Sources: NBA Mulling "Dramatic Changes" To League Calendar
The NBA is "engaged in serious discussions" with the NBPA and its broadcast partners on "sweeping, dramatic changes to the league calendar that would include a reseeding of the four conference finalists, a 30-team in-season tournament and a postseason play-in," according to sources cited by Wojnarowski & Lowe of ESPN.com. Sources said that these scenarios "would come with the shortening of the regular season to a minimum of 78 games." They added that discussions are "progressing with hopes of bringing a vote to the April meeting" of the league's BOG that "would introduce some -- if not all -- of these proposals into the NBA's 75th anniversary season" in '21-22. The NBA "still has work to do coordinating with constituents on the myriad implications involving the proposed changes." NBA Commissioner Adam Silver has been "driving this agenda of change -- especially the in-season tournament cup modeled after European soccer -- for years." The league is "working to make sure the revenue for teams and players with a shortened regular season would be break even or be better initially, with significant financial windfalls." Sources said that the NBA and NBPA are "finding common ground on a post-Thanksgiving tournament window that would extend into mid-December" (ESPN.com, 11/23).
COACH'S TAKE: On Long Island, Steve Popper noted Spurs coach Gregg Popovich, who was the first to implement healthy rest days among his players during the regular season, is "in favor of the change." He said, "It would probably be beneficial." Popovich: "Load management is different to different teams. But everybody does it to a degree" (NEWSDAY, 11/24). Popovich also said of the league's reported changes, "All of us as coaches, (general managers) and presidents, we all got a lot of confidence in the decisions they make. Whatever they decide, I’m in. I’m rolling with it" (N.Y. POST, 11/24). In San Antonio, Jeff McDonald noted Popovich's "main takeaway" is that if Silver is "behind it, he would probably support it." Popovich said Silver will "work at that stuff and do his best job with all his colleagues." Meanwhile, Knicks coach David Fizdale said that he also "would be open to a shortened league calendar." Fizdale said, "One thing about the commissioner, he’s innovative. He’s always trying to make the game better and grow our game in a way that’s constantly improving it" (SAN ANTONIO EXPRESS-NEWS, 11/24). Bulls coach Jim Boylen said of Silver and the reported changes, "I'm a huge fan. ... If they feel that’s what is best for all of us, we all are reaping the benefits of what’s laid down by the league office" (CHICAGO SUN-TIMES, 11/24).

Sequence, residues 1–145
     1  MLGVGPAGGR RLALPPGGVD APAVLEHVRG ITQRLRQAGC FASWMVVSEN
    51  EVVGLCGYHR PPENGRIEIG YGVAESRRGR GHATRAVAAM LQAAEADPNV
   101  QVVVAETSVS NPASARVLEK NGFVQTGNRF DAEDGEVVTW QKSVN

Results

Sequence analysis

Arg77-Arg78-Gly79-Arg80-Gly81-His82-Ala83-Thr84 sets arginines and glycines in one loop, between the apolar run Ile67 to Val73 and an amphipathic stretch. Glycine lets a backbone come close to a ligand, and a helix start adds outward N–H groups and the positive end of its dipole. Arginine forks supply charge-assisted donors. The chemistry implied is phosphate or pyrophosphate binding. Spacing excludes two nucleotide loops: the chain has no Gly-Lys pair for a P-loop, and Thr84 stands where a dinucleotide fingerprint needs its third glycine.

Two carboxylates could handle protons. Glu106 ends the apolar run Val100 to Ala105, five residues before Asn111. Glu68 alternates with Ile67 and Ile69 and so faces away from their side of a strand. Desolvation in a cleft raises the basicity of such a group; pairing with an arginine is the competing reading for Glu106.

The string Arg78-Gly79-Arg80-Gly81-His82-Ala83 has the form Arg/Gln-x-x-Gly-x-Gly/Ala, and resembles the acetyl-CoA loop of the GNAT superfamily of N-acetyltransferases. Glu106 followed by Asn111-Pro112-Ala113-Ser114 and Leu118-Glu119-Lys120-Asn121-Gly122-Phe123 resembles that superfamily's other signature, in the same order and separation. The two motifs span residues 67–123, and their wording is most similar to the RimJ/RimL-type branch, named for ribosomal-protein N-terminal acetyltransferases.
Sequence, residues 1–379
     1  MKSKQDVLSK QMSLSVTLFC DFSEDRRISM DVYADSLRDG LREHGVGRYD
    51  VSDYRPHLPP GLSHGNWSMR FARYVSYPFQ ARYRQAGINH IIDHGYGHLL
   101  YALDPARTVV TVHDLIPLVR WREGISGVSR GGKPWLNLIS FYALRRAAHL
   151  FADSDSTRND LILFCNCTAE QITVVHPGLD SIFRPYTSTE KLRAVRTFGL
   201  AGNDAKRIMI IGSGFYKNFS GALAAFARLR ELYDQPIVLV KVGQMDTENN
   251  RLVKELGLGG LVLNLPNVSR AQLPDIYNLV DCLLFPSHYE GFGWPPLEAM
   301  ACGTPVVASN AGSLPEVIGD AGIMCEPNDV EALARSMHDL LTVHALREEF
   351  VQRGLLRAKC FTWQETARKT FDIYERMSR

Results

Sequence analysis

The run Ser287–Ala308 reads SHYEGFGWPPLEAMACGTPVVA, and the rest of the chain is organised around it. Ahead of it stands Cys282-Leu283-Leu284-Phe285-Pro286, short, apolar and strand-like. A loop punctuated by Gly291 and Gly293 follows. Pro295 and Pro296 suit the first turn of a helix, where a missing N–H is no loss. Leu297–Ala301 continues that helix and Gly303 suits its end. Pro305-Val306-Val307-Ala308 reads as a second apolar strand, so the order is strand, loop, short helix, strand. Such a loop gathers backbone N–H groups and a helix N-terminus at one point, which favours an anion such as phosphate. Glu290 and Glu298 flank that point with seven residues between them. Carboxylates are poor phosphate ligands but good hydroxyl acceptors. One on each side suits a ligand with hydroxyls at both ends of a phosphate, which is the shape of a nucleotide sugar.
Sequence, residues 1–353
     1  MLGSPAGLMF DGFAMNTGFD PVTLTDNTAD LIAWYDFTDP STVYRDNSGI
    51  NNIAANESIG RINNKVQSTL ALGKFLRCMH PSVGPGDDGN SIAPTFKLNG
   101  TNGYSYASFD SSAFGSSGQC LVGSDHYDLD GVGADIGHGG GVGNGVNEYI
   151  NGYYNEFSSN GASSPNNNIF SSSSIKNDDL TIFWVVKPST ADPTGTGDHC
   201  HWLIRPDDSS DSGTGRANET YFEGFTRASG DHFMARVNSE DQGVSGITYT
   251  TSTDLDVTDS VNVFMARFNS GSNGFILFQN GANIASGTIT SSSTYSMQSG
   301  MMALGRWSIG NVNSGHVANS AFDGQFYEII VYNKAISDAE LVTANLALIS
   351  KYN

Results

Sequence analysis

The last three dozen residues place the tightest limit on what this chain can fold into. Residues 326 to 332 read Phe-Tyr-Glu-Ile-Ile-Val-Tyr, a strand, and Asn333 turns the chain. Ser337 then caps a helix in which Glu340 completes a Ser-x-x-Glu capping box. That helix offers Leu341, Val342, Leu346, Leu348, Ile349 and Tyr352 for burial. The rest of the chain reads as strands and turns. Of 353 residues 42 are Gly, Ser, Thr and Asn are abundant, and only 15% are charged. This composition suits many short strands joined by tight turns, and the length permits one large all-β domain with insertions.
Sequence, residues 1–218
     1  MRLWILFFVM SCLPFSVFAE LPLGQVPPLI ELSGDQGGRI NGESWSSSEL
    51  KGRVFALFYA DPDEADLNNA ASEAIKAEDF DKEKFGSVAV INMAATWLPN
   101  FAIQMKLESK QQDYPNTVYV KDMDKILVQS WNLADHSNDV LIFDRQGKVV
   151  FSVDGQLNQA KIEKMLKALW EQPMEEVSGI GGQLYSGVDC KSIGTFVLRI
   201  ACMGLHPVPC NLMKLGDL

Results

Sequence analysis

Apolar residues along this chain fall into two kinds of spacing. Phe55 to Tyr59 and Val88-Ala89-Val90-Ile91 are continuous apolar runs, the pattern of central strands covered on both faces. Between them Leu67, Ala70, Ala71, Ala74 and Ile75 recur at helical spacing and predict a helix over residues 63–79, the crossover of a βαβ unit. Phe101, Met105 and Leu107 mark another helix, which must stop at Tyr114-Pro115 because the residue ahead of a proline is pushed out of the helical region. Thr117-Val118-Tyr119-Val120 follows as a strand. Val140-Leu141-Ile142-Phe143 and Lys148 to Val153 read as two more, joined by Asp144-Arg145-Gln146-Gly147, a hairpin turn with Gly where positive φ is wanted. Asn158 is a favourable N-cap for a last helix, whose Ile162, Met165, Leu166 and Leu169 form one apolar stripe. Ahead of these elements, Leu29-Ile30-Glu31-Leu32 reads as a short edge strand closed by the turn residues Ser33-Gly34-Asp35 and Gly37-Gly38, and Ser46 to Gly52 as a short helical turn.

MIXING IT UP: In Houston, Jenny Dial Creech wrote the NBA is trying to "stay ahead of the game." While some of the ideas "seem radical, they show that" Silver and the league are "prioritizing the quality of the game." A league that "isn't stuck in its ways and is willing to make changes to advance the game is good for the fans, good for the players and good for the sport" (HOUSTON CHRONICLE, 11/24). In DC, Ben Golliver wrote as for reseeding the playoffs, "clinging to the West-vs.-East tradition is not worth sacrificing the best possible Finals matchup." At the same time, it is "easy to envision many teams -- especially veteran teams preparing for deep playoff runs -- not taking" the midseason tournament seriously, which "could turn the idea into a novelty." Still, there is "not much downside to re-branding a segment of regular season games as cup games" (WASHINGTON POST, 11/24). THE ATHLETIC's Frank Isola asked, "Is winning an in-season tournament going to matter to the players or fans?" Isola: "Maybe not, but the league thinks over time it will catch on. Time will tell." In theory, the “'Load Management Invitational' isn’t the worst idea simply because the NBA regular season is broken," and Silver is "trying to do something about it." Load management "may benefit the player in the long term, but in the here and now call it what it is -- anti-fan." Isola questioned if the players "don’t seem to care about the regular season why should the paying customers" (THEATHLETIC.com, 11/24).